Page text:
Two Paws Up: Training and bonding with a rescue dog

Our last dog, a docile German Shepherd, lived to be 13 years old, so it had been a while since we had to shop for a new canine companion. In those long-ago days, we simply went to a shelter (in this case the MaxFund) and picked one out to take home.

Today, not only does every shelter have a website, so do all of the breed rescue groups, prison dogs and guide-dog school dropouts. Then there's Petfinder, a sort of clearinghouse that allows you to specify breed, gender, compatibility with children, cats and other dogs, and geographic proximity to your zip code.

We ended up with Lionel, a smallish chow mix whose compelling story on Petfinder (he was left on the side of the highway in his pet carrier) made him seem tragic and deserving. In retrospect, we should have known what was coming; he was high-spirited, completely unsocialized, and, in fact, had never been inside a house or had any training whatsoever. But the raw material was there - he had a very sweet disposition and loved to learn new things.

Within the first week, we enrolled in a good, basic obedience course at WagWag Enterprises. There is really no substitute for this - going to class provides socialization with other dogs and helps the dog learn commands in a different environment than your living room. Plus, when you see all the other canine quirks that your classmates are dealing with, you don't feel so alone.

Dog training theory in the new millennium is all about positive reinforcement, and, as our instructor Lisa explained, is based on scientific, empirical studies of dog behavior. Giving treats and verbal encouragement for good behavior worked wonders with Lionel, who is now not only well-mannered (mostly) but happier.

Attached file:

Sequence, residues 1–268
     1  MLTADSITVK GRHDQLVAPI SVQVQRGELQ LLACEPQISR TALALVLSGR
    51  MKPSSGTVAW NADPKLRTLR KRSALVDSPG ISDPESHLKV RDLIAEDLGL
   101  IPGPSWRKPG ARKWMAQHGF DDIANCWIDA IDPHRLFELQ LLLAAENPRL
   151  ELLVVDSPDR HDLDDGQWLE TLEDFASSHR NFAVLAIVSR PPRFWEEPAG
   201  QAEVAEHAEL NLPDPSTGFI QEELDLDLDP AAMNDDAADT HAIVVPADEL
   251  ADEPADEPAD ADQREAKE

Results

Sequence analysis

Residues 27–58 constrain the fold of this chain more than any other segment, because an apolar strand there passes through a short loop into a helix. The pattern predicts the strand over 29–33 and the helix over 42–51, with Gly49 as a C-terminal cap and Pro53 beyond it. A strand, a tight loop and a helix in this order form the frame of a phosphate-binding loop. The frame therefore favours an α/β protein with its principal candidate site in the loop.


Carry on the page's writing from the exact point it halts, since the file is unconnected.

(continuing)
In addition to obedience school, I consulted several books, my favorites being those by Patricia Mcconnell and the classics by the Monks of New Skete.

Other recent titles include:

30 Days to a Well-Mannered Dog: The Loved Dog Method (2010) by Tamar Geller

Train Your Dog Positively: Understand Your Dog and Solve Common Behavior Problems Including Separation Anxiety, Excessive Barking, Aggression, Housetraining, Leash Pulling and More! (2013) by Victoria Stilwell

Chaser, Unlocking the Genius of the Dog Who Knows 1000 Words (2013) by John W. Pilley with HIlary Hinzmann

The Heartbeat at Your Feet: A Practical, Compassionate New Way to Train Your Dog (2012) by Lisa Tenzin-Dolma

Juvenile Delinquent Dogs: The Complete Guide to Saving Your Sanity and Successfully Living with Your Adolescent Dog (2012) by Sue Brown


Dog Whisperer by Cesar Millan

Home School Dogs by Brian Kilcommons, Sarah Wilson and Jim Mckiernan


Petfinder's Tips for the First 30 Days of Dog Adoption

Cesar's Way

Training Your Dog from the ASPCA

Tips from the Humane Society

Written by Lisa on November 27, 2013


Anonymous on November 27, 2013


Very inspirational. Thank you!

Cesar on November 28, 2013


Lionel is a lucky dog!

Leigh Ann on November 30, 2013


Rescue dogs are THE BEST! they so appreciate being in a loving home...and know what is it to be dearly loved. Thanks for the great blog, Lisa--Lionel is really cute--thanks for sharing your experience in his rehoming process.

Liz Shartel on December 14, 2013


Are you the ones who want to have a fundraiser in Jan at BEACONS creative community space?

If so, pls call me right away. Thank you!


DannBarbery on February 17, 2014


It's pretty hard to be honest to train a rescue dog most especially if you are not so aware of the history or background of the Fido. Although you can ask about the behavior of the dog to the shelter personnel but it's really hard to predict. Anyway, rescue dogs are great companion as well you just have to love them as if they are really your kids.


I'm sure that's true in many cases, but a lot of highly specialized service dogs, such as those at Freedom Rescue, come from shelters. I'm glad that Coloradans do such a great job of spaying and neutering that we're able to take in shelter dogs from other states.

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